The first boat shows were held in the Grand Palais and on the banks of the Seine in the 1920s, with boating in France only being enjoyed by a rather small social circle until the early 1960s.
At the instigation of a few enthusiasts who created the Syndicat National des Constructeurs et Négociants en Matériel de Navigation et de Plaisance (National Union of Shipbuilders and Sailing and Sailing Equipment Merchants), a new Salon de la Plaisance (Boating Show) was created in 1962 at the CNIT in La Défense. That was when the first Paris International Boat Show was held.
In 1964, the FIN (Fédération des Industries Nautiques - Federation of Nautical Industries) was officially founded. 1964 also saw the real beginning of the democratisation of boating in France with Eric Tabarly - who was to become a real symbol of this new enthusiasm for boats - winning his first Transat Anglaise transatlantic sailing race.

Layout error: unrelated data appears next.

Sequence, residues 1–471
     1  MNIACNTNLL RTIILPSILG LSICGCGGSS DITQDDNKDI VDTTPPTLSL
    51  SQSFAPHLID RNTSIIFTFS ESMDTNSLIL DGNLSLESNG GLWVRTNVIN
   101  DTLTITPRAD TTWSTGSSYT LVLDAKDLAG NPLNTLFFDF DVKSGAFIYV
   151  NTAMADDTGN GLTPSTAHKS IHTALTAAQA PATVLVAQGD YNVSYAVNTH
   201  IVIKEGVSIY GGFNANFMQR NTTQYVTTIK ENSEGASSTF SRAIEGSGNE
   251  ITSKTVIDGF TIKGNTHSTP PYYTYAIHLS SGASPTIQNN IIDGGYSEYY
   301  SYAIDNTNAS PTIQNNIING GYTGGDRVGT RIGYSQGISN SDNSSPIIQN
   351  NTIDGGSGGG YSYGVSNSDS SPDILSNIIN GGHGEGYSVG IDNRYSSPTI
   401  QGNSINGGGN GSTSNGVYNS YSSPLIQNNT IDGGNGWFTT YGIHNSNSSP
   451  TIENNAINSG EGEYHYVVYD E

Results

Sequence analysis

The first edition brought together 58,000 visitors at an event measuring 23,000m2, with attendance figures then reaching more than 300,000 in the 1990s before stabilising today due to a more complicated economic context, with around 240,000 visitors.
“Nautic” is now an annual show held at the Parc des Expositions in Porte de Versailles; during the event’s annual preparations, extraordinary convoys cross Paris every night, loaded with hundreds of boats of all sizes, all of which are to be shown at Nautic.
Nautic lasts 9 days, spread over two weekends at the beginning of December, and is an unmissable annual event for anyone looking to find out more about nautical innovations for the coming season.
With a thousand crafts of every kind, from kite boards to the large CNB 76, measuring under 1 metre to more than 23 metres, costing 200 euros to more than 2 million euros, more than 20 sectors including sailing, tourism, motorboating, snow sports, new technologies, services, hiring, fishing and equipment and more than 800 French and international exhibitors come together at the Porte de Versailles in Paris in December.